As the California Citizens Redistricting Commission wends its way to finalizing mapping out the lines that will define the state’s politics for the next ten years, there are a number of factors they will be considering.
General population figures, existing city boundaries, county boundaries, and natural boundaries can all factor into exactly how the Assembly, State Senate, Congressional and other districts are formed. Also, “Communities of Interest” can play a role in the determination, as do the strictures of the federal Voting Rights Act which are meant to ensure that minority group representation is properly taken into account and not purposefully diluted.
What cannot, it seems, be considered, however, is how many people in a given district are legally allowed to vote or what percentage of legal voters actually vote in any given election. A review of the 2020 State Assembly voting patterns show clearly that districts that have lower turnouts and/or higher percentages of non-citizen residents tilt decidedly in favor of one party – the Democrats.
Note: The numbers used in this article are based on both the actual vote totals of each of the eighty-2020
Assembly races and the figures used by the previous Redistricting Commission. A review of the Senate numbers revealed a similar pattern. Additionally, the transparency travails of the Commission have been well-documented, bringing even more questions into the process.
In 2020, there were 59 competitive Assembly races, “competitive” being defined as having both a Republican and a Democrat in the November General Election. The remaining 21 seats either had two members of the same party, one party versus a member of a third party or write-in or independent, or were not contested.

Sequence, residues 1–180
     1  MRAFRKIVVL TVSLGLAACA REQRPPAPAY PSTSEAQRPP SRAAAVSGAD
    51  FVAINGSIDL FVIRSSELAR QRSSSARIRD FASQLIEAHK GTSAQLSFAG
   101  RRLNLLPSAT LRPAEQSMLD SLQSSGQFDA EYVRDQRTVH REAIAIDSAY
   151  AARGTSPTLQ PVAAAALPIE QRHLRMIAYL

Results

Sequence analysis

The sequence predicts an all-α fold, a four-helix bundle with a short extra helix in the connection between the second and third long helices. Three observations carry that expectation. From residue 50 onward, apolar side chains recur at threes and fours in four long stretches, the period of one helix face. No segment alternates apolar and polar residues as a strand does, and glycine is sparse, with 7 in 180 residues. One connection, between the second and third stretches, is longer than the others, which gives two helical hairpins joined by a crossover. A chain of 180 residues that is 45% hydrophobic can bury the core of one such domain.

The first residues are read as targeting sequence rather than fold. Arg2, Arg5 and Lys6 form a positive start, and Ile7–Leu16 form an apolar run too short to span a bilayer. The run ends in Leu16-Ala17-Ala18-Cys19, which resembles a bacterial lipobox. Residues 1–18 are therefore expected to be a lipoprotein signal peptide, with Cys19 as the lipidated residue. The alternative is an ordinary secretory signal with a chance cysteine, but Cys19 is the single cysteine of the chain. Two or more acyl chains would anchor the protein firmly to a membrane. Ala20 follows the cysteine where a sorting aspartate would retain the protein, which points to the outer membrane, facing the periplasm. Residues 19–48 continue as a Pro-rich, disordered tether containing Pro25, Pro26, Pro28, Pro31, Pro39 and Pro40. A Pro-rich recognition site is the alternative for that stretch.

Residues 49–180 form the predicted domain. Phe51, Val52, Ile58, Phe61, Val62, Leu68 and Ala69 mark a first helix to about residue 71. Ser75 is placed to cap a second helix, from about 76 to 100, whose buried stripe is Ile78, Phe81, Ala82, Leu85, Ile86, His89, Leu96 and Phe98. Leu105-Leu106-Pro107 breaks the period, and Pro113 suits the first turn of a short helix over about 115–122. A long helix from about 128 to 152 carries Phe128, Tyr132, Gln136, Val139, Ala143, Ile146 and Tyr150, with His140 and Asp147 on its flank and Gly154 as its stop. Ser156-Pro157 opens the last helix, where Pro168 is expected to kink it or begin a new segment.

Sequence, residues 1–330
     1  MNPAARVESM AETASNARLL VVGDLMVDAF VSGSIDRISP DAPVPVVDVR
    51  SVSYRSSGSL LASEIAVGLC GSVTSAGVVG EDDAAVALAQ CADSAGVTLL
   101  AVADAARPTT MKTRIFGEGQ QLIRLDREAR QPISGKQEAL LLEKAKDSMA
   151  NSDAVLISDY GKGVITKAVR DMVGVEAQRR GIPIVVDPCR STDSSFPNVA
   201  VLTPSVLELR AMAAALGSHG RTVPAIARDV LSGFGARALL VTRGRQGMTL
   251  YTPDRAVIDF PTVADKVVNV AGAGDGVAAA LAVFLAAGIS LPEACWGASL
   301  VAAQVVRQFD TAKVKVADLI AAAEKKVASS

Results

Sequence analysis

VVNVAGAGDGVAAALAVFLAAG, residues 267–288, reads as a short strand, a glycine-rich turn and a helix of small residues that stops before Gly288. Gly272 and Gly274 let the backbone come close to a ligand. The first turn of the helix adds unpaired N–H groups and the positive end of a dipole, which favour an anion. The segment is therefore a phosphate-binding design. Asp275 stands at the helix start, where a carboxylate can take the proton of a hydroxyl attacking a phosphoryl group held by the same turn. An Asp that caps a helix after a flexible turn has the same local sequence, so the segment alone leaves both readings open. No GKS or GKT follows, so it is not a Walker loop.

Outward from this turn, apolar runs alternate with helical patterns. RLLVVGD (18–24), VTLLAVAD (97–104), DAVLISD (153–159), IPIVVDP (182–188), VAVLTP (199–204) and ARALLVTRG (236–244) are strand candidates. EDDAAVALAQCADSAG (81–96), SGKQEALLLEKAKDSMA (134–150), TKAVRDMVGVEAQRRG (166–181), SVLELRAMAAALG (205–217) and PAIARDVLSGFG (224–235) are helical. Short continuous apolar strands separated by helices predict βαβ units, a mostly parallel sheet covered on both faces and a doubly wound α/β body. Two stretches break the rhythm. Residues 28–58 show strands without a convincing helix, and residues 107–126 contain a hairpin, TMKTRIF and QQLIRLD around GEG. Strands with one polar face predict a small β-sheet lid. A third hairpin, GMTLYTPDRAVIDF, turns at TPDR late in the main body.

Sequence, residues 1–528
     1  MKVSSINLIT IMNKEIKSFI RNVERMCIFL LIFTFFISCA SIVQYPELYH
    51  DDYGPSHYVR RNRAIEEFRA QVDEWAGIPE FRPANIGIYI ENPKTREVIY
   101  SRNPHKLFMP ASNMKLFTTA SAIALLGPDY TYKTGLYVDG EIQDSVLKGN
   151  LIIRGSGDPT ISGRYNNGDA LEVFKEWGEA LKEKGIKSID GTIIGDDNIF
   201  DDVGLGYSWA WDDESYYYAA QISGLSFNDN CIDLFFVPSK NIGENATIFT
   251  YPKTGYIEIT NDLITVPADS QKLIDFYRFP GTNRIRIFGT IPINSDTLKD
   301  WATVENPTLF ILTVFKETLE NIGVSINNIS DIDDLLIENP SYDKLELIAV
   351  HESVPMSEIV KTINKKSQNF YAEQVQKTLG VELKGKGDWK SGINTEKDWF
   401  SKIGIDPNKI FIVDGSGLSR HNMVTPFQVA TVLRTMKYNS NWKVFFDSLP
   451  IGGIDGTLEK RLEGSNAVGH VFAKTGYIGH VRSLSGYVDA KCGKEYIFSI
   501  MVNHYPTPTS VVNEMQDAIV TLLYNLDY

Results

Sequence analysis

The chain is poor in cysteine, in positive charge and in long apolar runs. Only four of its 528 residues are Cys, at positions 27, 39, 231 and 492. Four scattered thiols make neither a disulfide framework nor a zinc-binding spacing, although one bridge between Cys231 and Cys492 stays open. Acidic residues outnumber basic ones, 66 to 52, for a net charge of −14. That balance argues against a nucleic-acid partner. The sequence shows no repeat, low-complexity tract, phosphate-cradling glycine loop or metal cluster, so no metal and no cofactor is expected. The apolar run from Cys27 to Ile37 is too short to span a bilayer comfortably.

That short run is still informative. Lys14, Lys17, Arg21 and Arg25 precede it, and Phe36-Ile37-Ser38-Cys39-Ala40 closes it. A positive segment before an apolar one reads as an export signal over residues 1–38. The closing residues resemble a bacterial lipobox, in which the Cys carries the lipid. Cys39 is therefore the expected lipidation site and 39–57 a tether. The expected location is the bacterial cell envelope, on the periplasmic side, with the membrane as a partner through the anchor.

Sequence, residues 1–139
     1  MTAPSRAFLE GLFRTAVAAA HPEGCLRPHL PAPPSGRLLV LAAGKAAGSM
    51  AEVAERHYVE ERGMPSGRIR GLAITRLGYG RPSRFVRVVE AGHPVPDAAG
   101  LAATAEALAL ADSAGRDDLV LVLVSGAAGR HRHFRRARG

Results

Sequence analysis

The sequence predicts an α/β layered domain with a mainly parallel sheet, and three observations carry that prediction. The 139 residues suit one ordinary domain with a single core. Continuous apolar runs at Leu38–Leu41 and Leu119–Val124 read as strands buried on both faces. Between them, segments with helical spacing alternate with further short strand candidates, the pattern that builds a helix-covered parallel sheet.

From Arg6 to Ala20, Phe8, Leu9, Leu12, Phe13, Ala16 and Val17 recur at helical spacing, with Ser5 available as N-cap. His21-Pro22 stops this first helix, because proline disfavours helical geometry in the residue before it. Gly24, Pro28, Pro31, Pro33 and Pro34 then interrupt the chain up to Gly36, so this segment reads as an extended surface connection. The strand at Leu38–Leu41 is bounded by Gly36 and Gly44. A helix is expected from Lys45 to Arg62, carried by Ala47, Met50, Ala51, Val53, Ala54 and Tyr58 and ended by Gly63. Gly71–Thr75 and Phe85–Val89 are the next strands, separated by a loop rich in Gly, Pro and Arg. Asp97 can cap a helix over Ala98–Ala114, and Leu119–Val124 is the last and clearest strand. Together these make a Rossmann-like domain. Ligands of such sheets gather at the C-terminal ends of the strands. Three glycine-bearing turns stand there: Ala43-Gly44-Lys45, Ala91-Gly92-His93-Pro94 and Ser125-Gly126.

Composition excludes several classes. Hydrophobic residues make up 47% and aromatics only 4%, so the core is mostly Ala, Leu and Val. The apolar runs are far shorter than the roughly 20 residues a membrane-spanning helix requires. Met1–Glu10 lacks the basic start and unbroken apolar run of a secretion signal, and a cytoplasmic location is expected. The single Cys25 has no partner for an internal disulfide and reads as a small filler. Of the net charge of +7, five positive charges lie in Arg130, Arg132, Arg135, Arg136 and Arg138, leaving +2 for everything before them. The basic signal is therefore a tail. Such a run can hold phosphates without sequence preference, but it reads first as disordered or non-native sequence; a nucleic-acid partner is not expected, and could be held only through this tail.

In the contested races, the average turnout was about 207,000 people per district, with each district having approximately 500,000 residents. In districts that had higher turnout – more than 250,000 votes cast, or about 20 percent above the average – four races were won by a Republican and five were won by a Democrat.
In the lower turnout districts – defined by being under 170,000 votes cast or about 18 percent below the average – one Republican was elected while 10 Democrats prevailed.
When compared to statewide party registration numbers, the high turnout districts should have elected five Democrats and three Republicans while the low turnout district split should have been four Republicans and seven Democrats, a shift of two seats to the Democrats (obviously there are numerous other factors in play and each election has its own issues so no “shift” can be guaranteed).
Interestingly, on the rare occasion when a Republican won any district, they received about 56 percent of the vote cast, while Democrats who prevailed received 67 percent of the vote. Additionally, Republican won districts had a turnout figure of about 223,000 total votes while Democrat victories occurred in districts with an average turnout of 200,000 votes, or about 10 percent less (the previous 207,000 statewide figure is an average of all competitive districts no matter who won).